Worth a look if you are there
Published/Last edited or updated: 15th December, 2020
West of Thap Cham train station, in the northwest corner of the city, Po Klong Garai is a collection of 13th and 14th century Cham towers perched on Trau Hill. Thap Cham means “Cham tower”, the historic site is obviously the town’s namesake and one of the main reasons travellers stop in this city.
There are three brick towers: the gate tower, fire tower and the most impressive, the main tower. Over 20 metres high, the kalan or sanctuary features an exquisite relief of Shiva and carvings in the Cham language. At the vestibule you will also see the statue of a bull (Nandin) that is fed offerings by farmers to ask for a good harvest.
Considering the ravages of time and development, the towers themselves are impressively sturdy and delicately ornamented. The Cham people still use the towers as a pilgrimage spot. The most significant time is the Kate Festival in October, when the temple is alive with ceremonies, offerings and traditional dance. Phan Rang Thap Cham was the last capital of the Cham kingdom before it was conquered by the ethnic Vietnamese, so the spot holds significance for the ethnic Cham who still chaff a bit under the rule of the majority people.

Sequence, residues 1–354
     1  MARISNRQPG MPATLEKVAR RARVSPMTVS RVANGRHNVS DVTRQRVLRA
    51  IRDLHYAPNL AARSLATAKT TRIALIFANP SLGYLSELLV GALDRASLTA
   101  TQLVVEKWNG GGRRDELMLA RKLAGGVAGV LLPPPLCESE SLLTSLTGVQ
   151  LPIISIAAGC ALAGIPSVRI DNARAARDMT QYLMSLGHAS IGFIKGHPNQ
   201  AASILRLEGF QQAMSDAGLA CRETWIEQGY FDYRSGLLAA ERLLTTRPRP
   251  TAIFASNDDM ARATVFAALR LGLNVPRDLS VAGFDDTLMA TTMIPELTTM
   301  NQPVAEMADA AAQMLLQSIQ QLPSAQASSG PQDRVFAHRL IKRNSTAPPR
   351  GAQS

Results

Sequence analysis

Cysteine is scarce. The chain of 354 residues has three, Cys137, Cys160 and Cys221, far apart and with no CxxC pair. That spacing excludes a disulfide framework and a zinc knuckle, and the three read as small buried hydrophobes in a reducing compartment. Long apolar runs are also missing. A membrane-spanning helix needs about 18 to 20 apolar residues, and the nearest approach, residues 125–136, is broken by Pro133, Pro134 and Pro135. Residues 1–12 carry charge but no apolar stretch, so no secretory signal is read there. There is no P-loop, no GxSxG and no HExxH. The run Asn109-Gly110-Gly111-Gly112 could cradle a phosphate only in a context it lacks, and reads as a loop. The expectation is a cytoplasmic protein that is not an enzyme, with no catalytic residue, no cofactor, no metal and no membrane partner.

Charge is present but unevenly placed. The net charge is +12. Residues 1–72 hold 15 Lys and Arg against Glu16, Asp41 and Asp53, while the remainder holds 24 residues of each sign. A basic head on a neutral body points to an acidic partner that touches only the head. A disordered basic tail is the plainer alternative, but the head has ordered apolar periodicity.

To reach Po Klong Garai Cham Tower, head out of Phan Rang south on Thong Nhat Street, bearing left onto Tran Phu Street. At the big roundabout with Highway 1A, circle round but keep straight and continue northwest on Hai Muoi Mot Thang Tam for five kilometres. You’ll pass through the town of Thap Cham (and understand why we didn’t bother to cover it). After the railroad tracks, turn right onto small Bac Ai Street—there’s a sign pointing to the towers,150 metres ... Travelfish members only (Full text is around 300 words.)
Cindy Fan is a Canadian writer/photographer and author of So Many Miles, a website that chronicles the love of adventure, food and culture. After falling in love with sticky rice and Mekong sunsets, in 2011 she uprooted her life in Toronto to live la vida Laos. She’s travelled to over 40 countries and harbours a deep affection for Africa and Southeast Asia. In between jaunts around the world, she calls Laos and Vietnam home where you’ll find her traipsing through rice paddies, standing beside broken-down buses and in villages laughing with the locals.
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